History · Latin · Rome · Translation

Translation: Varro, Dē Rē Rusticā 1.17

I find this following passage to be quite illuminating to the study of slavery in Rome, and the relative loss of humanity and human body/mind that the slave endured. The slave was not a person, but rather a speaking tool.

“De fundi quattuor partibus, quae cum solo haerent, et alteris quattuor, quae extra fundum sunt et ad culturam pertinent, dixi. Nunc dicam, agri quibus rebus colantur. Quas res alii dividunt in duas partes, in homines et adminicula hominum, sine quibus rebus colere non possunt; alii in tres partes, instrumenti genus vocale et semivocale et mutum, vocale, in quo sunt servi, semivocale, in quo sunt boves, mutum, in quo sunt plaustra.”
– Varro, Dē Rē Rusticā 1.17

I have spoken about the four parts of a farm, which are connected with the soil, and about another four, which are outside of the farm and belong to agriculture. Now I will speak about those thing by means of which fields are cultivated. Some divide these things into two parts, into people and tools of people, tools without which people could not cultivate; others divide these things into three parts: a type of speaking tool, a half speaking tool, and a mute tool– the speaking tool, which are slaves; the half speaking, which are cow; and the mute tool, which are wagons.

8 thoughts on “Translation: Varro, Dē Rē Rusticā 1.17

  1. Only knowing a basic general understanding of Latin that I taught myself over winter break, I am a little hesitant to respond to this post,even with the translation of it in English at the bottom. However, I cannot resist learning something new! So if I say something completely idiotic that makes me sound like a complete moron, please have mercy 🙂

    With this passage as seeing slaves as no more than speaking tools (slaves who are barely higher than a cow in this excerpt), I can’t help but have the sinking feeling that we, as humans have even progressed. I would love to believe that humans have risen above treating others as objects, but sadly, I do not believe it. Even today.

    I’ve worked in retail for over five years now. And it is so easy for people to treat you like you are nothing but a person who is meant to serve them; a piece of trash who works for them. I tell people hello, and they just simply look at me like I’m an idiot. Like I have no amazing stories or insights I would love to share with them. Or simply how I love their outfit. Very rarely do I get a customer who is polite. And being polite can go such a loooonnnnggg way. It really can! Hahaha, maybe that’s why it’s so easy to adore you, Marius!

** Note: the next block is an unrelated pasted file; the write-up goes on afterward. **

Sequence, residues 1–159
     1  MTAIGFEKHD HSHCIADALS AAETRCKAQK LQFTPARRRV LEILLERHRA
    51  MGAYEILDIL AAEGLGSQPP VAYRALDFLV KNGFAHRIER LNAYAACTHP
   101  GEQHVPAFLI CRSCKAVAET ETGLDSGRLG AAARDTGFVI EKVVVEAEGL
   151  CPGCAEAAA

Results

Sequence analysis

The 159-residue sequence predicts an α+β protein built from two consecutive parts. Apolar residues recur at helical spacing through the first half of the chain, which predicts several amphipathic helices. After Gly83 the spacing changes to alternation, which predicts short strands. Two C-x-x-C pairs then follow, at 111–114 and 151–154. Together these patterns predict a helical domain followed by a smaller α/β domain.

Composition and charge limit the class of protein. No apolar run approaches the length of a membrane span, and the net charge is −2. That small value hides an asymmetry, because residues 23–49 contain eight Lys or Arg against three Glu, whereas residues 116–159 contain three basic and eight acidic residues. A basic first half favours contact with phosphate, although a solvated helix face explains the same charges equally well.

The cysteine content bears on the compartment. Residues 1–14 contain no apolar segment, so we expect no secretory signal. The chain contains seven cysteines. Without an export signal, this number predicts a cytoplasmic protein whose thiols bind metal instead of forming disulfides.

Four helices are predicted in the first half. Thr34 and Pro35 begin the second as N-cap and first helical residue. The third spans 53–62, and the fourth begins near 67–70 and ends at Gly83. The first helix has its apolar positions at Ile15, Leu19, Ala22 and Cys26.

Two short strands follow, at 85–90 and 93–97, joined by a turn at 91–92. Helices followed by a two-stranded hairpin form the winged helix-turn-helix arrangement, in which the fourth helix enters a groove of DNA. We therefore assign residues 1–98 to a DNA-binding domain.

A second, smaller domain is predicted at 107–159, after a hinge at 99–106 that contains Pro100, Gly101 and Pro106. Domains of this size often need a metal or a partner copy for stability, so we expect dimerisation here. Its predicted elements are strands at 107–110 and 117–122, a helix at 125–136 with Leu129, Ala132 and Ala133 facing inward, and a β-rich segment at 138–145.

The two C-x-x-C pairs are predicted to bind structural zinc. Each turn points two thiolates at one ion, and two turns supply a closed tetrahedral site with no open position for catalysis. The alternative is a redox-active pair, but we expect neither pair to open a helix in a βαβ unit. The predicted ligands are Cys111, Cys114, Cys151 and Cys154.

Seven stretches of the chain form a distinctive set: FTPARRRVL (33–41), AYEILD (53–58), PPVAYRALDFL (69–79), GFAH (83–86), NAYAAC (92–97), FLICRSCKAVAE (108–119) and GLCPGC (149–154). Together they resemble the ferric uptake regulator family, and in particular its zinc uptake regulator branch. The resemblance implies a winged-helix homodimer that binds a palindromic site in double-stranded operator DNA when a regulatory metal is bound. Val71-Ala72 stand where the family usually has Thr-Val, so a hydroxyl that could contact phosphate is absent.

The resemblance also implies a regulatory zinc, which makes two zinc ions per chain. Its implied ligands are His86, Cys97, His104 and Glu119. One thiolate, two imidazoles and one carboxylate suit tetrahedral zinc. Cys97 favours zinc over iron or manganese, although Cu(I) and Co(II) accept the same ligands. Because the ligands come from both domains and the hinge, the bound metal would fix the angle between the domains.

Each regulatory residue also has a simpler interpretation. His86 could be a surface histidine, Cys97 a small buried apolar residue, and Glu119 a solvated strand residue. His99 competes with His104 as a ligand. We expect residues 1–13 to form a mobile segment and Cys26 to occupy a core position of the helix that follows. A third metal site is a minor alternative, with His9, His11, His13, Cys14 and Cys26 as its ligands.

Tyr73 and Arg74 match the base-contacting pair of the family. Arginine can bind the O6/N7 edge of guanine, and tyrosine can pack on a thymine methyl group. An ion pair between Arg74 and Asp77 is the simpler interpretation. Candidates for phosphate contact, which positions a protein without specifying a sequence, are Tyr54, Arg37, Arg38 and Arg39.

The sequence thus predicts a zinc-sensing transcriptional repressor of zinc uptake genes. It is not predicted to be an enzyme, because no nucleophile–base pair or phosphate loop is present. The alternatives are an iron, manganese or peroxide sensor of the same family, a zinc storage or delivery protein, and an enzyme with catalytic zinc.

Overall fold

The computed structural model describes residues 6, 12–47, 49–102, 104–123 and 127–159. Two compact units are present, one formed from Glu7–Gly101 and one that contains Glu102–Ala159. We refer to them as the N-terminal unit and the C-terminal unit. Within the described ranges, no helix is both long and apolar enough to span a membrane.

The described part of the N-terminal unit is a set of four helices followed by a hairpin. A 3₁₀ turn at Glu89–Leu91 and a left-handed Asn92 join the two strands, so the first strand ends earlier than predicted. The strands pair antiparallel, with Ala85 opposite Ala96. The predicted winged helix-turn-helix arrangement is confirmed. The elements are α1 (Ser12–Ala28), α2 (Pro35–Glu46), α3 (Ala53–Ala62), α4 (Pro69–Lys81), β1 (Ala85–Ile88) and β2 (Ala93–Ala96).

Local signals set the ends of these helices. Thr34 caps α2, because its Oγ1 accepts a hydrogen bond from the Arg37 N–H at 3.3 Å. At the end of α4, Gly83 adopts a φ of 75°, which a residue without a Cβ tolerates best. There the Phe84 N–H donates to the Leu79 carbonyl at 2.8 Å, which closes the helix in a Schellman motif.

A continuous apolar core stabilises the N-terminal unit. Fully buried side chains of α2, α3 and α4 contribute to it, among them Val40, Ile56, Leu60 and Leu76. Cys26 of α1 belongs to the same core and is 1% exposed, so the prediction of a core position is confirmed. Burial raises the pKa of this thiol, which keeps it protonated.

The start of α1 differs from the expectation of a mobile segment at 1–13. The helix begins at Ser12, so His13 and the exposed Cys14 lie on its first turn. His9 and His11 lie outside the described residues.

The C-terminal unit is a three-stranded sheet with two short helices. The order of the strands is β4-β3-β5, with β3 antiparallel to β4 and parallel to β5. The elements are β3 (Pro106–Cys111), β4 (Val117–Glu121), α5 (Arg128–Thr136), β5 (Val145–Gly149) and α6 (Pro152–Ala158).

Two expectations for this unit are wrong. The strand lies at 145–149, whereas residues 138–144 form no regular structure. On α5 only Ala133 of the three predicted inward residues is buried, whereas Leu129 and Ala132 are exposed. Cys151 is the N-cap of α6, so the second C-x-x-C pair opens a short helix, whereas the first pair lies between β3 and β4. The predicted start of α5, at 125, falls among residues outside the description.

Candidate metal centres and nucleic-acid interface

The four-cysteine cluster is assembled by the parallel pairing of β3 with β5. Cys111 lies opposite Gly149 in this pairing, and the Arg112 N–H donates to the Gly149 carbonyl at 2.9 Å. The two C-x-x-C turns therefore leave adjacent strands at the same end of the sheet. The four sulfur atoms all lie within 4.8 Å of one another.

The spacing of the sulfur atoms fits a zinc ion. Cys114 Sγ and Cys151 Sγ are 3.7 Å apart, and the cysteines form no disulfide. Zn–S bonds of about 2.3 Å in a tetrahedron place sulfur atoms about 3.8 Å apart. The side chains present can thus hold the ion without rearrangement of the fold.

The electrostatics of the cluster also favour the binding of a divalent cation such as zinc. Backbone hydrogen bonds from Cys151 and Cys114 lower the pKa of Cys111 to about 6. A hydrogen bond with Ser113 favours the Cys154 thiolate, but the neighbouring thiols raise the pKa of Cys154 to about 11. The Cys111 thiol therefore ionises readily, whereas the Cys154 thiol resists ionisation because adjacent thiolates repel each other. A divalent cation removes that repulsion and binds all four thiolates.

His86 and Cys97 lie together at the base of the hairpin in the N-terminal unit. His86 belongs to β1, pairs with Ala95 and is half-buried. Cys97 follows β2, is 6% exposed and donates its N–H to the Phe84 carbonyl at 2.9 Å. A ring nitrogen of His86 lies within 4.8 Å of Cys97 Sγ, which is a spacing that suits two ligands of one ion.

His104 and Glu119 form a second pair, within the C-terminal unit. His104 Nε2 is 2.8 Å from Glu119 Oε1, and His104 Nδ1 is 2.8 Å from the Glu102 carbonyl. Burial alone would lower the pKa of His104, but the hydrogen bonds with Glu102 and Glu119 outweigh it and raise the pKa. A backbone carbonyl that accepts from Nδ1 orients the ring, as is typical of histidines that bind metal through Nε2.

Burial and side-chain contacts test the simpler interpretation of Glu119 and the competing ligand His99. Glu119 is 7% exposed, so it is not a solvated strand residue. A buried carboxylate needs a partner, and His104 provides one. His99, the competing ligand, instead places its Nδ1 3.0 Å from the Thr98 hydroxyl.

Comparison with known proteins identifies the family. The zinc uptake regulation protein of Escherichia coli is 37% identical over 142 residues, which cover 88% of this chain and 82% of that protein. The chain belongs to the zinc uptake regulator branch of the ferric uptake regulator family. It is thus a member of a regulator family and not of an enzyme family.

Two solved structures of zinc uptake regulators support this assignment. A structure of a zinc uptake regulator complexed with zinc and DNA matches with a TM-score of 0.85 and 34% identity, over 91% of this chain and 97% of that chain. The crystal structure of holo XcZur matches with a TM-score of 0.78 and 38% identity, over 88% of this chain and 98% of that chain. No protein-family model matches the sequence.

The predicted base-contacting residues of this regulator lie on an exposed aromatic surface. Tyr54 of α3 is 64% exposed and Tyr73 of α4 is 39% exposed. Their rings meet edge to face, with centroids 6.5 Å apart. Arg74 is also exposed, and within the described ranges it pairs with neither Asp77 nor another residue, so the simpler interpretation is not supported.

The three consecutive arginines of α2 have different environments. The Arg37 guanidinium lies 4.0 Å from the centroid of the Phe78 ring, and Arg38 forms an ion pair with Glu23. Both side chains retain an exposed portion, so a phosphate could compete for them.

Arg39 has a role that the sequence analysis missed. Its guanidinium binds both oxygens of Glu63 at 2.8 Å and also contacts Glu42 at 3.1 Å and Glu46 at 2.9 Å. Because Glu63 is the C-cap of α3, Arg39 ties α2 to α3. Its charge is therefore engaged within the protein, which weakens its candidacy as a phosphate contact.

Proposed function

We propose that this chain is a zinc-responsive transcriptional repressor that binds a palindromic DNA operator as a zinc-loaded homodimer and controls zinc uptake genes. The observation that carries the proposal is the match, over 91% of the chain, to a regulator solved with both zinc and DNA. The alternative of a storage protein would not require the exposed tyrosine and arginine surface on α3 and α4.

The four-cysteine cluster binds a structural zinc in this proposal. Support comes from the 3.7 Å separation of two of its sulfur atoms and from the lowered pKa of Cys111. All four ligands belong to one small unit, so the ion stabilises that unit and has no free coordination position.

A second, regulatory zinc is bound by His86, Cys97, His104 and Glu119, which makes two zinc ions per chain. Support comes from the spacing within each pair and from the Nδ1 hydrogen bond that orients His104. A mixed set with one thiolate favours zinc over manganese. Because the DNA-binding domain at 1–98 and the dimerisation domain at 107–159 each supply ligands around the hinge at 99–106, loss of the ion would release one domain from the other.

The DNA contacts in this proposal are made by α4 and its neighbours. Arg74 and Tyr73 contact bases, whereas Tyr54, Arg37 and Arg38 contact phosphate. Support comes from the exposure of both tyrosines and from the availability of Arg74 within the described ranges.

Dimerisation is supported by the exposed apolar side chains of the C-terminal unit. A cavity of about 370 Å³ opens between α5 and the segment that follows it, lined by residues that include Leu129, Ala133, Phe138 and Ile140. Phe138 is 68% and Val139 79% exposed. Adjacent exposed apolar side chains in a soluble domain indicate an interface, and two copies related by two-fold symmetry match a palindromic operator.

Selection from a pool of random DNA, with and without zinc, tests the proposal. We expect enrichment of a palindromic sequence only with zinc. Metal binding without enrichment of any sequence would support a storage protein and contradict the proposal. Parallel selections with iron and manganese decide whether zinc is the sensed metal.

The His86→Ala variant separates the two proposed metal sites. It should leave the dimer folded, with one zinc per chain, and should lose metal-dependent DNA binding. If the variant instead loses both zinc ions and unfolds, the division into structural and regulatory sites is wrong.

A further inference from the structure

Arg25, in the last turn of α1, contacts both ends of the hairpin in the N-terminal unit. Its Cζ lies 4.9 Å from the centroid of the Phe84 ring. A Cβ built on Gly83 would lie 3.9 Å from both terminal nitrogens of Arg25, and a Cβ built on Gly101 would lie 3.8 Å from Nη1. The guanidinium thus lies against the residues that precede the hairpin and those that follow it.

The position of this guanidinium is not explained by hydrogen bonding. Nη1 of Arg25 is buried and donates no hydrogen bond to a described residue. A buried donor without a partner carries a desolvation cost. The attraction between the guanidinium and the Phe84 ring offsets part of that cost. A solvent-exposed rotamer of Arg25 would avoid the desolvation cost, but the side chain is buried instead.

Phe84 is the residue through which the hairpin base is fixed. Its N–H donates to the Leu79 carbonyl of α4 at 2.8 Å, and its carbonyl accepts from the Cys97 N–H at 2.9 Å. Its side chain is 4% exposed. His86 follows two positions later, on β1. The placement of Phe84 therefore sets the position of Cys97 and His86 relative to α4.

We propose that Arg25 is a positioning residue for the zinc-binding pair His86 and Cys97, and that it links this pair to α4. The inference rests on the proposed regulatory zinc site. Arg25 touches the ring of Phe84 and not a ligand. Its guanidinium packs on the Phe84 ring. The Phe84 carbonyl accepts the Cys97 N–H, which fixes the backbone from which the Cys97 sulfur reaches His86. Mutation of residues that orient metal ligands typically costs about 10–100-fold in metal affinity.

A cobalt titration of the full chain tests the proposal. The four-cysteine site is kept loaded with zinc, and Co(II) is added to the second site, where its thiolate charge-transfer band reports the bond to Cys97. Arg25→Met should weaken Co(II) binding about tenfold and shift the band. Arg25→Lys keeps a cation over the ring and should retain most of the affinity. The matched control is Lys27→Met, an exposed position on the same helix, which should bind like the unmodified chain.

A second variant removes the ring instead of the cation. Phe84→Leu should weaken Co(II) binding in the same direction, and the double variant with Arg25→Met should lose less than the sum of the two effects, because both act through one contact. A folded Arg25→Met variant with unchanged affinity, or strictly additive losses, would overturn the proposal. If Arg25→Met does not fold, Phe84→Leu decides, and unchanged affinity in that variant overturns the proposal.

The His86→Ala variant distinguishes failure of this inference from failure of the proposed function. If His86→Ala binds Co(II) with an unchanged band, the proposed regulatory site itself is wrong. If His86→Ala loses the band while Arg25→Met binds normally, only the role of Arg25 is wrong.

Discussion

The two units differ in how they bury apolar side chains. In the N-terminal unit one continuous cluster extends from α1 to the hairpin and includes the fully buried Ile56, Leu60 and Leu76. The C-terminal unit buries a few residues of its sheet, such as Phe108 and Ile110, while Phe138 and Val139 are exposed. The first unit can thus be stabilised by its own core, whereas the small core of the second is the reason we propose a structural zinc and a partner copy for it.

If you came in the store that I work, and I complemented you on your lovely red velvet ensemble, would you respond to me? 😉 You, the ever dashing gentleman?

    What I am trying to ask you, in my typical long-winded discussion/question, is that have you ever felt hope for mankind improving towards the path to good will? Are we ever going to be able to break down the social classes? Has that ever even happened. I know that when you found Amadeo, he was being treated absolutely cruelly by men “who were against God,” to quote his book. But when you were speaking with Lestat, I remember that you had such a great deal of optimism. But then, after you made Sybelle and Benji, your outlook changed. I know that you are probably as fickle as the rest of us, but are things ever going to get better for our world? Or are we just going to be forever enslaved by superiority and social classes?

    As always, it is a pleasure

    1. You are too right in your observation. Those who are in service industries are often treated as if they do not have feelings, or that they are mindless tools of service itself. And that legitimises treating them with disrespect or even outright cruelty. In Rome, slaves lost their humanity not only in fact, but by law and custom, as well. Now, there is no such law in place that makes people absolute property or objects/tools, yet people still treat others with a shocking lack of humanity and empathy.

      I am polite to everyone, whether or not they are polite to me. When I am in the queue to pay for something and the young woman or man behind the counter is rude or disinterested in me, I take into account that they have likely had a long day and have had more than their fair share of rudeness, and so I am kind to them anyway. I always ask them how they are doing. Before I leave, I also always wish them a good evening. I do not merely say these things– I mean them. If I were in your line and you complimented my wonderful red velvet, I would be very charmed and try to engage you in a nice, friendly conversation. I would be grateful for the compliment.